The grave of a woman with a bizarre, long-headed skull has been unearthed in Korea.
The woman was part of the ancient Silla culture, which ruled much of the Korean peninsula for nearly a millennium.
Unlike some of the deformed, pointy skulls that have been found throughout the world in other ancient graves, however, it is unlikely that this woman had her head deliberately flattened, the researchers said. [See Images of the Long-Headed Woman's Facial Reconstruction]
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The ancient Silla Kingdom reigned over part of the Korean Peninsula from 57 B.C. to A.D. 935, making it one of the longest-ruling royal dynasties. Many of Korea's modern-day cultural practices stem from this historic culture.
Yet despite its long reign and wide-ranging influence on culture, the number of Silla burials with intact skeletons remained few and far between, said study co-author Dong Hoon Shin, a bioanthropologist at Seoul National University College of Medicine in the Republic of Korea.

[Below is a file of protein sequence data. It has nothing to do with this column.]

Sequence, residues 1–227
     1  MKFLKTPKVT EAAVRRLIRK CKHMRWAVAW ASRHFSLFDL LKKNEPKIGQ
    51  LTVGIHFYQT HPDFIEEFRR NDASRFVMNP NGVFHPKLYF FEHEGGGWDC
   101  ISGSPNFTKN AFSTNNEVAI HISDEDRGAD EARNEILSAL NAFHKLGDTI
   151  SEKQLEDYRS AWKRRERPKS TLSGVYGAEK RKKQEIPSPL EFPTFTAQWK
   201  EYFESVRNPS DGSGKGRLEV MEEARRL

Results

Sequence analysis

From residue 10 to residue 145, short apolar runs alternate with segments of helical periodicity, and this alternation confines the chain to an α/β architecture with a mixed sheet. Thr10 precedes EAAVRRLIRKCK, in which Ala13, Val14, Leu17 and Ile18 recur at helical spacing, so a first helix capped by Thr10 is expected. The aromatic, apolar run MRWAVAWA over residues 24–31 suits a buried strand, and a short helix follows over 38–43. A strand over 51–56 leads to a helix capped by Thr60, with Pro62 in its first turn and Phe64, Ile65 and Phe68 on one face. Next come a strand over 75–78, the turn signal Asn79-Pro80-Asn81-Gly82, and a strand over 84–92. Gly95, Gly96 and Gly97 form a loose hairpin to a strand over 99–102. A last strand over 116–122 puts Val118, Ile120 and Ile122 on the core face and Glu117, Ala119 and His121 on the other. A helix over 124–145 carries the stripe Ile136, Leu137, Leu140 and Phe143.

"The skeletons are not preserved well in the soil of Korea," Shin told Live Science in an email. [7 Strange Facts About North Korea]
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However, in 2013, researchers had a lucky break while excavating a grave near Gyeongju, the historic capital of the Silla Kingdom. Inside a traditional burial coffin, called a "mokgwakmyo," lay the nearly perfectly intact bones of a woman who died in her late 30s.
The team managed to extract the woman's mitochondrial DNA, or DNA that is passed from mother to daughter. The analysis revealed that she belonged to a genetic lineage that is present, though not common, in East Asia today. Analysis of the carbon isotopes (versions of carbon with different weights) in the skeleton also revealed that the woman was likely a strict vegetarian, in keeping with the interpretation of Buddhism that was prevalent at the time in the country. She also ate a greater percentage of her calories from foods such as rice and potatoes, versus millet or maize, the researchers reported June 1 in the journal PLOS ONE.
The team was also able to reconstruct her facial features and head shape based on skull fragments. It turned out that the woman was dolichocephalic, meaning her head width was less than about 75 percent of its length.
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